The BRICS long-term vision challenge and the questions it raises about one for IBSA are intimately related and therefore provide a basis for assessing the comparative advantages and limitations of both. Both have arrived at a point of reflecting on the future.
The 5th BRICS summit convened in Durban ended the first cycle of ‘Leaders Meetings’ which restarts next year in Moscow. IBSA, meanwhile, is marking its tenth anniversary and is being jointly reviewed in terms of its achievements as a delayed summit awaits convening in India sometime in July. This raises speculation about where IBSA is headed and its future given its being overshadowed by the much higher profiled BRICS quintet resulting from the memberships of China and Russia.
There is an unwarranted notion that South Africa’s induction into BRICS was a case of China outmanoeuvring India, thereby making IBSA redundant but that’s another story. In any case, it is the Russian and Chinese dimensions of the BRICS collective that raise questions about whether or not a ‘long-term vision’ for this grouping can be anything other than what could come to be seen as a wishful thinking exercise of ivory tower intellectuals separated from reality in the ozone of academic theory.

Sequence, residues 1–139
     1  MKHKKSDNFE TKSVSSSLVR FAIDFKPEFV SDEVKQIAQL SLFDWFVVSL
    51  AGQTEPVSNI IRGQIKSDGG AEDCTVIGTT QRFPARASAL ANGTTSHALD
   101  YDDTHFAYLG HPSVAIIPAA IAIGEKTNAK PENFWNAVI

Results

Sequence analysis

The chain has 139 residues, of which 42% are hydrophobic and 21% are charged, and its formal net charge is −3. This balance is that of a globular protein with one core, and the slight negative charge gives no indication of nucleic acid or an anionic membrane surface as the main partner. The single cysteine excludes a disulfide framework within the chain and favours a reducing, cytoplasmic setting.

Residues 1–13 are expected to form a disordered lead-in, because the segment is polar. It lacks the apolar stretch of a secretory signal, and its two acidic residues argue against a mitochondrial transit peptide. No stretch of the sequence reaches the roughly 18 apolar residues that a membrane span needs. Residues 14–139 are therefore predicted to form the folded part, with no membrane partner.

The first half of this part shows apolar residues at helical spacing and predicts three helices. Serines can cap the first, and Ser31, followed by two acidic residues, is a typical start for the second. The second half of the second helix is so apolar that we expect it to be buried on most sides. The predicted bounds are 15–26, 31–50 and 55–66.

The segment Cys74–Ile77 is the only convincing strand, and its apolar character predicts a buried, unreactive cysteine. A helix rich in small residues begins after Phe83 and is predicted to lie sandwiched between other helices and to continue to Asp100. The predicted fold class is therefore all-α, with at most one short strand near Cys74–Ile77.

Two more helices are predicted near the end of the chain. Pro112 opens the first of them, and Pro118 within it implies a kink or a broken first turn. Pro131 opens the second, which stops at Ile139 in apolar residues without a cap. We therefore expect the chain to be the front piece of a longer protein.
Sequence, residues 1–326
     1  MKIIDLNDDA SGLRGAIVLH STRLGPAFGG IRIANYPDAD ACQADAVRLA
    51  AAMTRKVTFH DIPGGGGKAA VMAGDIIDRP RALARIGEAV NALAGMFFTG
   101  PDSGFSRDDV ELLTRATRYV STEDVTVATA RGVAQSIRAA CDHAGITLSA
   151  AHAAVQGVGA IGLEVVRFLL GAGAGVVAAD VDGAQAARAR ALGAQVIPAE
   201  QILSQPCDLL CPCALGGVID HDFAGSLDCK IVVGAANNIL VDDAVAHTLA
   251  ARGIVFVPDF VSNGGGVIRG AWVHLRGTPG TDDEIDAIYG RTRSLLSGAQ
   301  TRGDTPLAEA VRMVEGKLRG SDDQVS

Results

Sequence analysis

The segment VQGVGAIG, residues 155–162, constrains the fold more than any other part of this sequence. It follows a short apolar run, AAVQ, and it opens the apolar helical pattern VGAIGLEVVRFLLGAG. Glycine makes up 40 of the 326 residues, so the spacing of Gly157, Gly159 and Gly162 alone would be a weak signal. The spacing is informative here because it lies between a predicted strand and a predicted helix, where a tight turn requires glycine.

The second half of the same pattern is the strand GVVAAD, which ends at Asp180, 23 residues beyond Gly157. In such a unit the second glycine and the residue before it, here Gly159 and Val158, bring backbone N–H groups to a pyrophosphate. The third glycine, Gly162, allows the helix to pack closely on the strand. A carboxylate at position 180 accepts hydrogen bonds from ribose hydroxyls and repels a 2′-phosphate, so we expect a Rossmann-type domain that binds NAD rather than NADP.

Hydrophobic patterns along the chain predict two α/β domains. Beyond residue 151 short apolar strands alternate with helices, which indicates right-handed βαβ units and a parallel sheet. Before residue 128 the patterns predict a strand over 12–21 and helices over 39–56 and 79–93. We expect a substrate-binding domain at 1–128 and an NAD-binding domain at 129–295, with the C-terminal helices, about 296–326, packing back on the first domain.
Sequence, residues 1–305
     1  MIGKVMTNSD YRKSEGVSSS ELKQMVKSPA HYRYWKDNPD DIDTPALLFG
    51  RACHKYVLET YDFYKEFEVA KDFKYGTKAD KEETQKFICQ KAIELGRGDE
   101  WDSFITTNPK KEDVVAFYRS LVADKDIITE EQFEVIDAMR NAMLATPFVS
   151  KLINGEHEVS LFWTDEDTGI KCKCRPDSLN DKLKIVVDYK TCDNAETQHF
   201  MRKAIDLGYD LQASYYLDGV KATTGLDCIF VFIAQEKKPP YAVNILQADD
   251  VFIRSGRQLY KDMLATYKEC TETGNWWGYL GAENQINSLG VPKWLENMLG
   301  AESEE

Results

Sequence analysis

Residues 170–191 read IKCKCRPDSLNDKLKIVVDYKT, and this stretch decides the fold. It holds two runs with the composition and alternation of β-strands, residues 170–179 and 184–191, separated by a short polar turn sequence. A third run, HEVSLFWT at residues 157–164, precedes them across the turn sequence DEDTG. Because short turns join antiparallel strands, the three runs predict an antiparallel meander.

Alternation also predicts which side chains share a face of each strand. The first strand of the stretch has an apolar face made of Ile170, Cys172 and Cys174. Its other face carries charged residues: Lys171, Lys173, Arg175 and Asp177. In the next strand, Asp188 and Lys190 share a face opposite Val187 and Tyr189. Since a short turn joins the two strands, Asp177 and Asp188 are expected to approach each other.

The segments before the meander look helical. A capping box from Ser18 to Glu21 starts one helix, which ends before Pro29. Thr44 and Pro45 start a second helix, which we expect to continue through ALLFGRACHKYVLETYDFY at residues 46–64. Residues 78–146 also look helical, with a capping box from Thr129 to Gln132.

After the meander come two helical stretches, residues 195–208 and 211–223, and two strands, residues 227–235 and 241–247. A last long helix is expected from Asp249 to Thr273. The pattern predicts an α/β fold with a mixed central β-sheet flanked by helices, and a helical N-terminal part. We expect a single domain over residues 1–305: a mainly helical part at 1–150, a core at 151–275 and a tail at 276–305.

The structural contradiction
The first reality is a structural challenge facing a long-term BRICS vision. This has to do with the different institutional and political-policy think-tanking relationships involving scholars in Russia and especially China, on the one hand, and scholars in India, Brazil and South Africa, on the other. Any long-term BRICS visioning exercise, to be credible, is going to have to reflect an autonomy from party-state/regime apparatuses which is not reflected in the fledgling BRICS think tank-academic network as currently constituted on the basis of the five symposium-cum-forums that have occurred.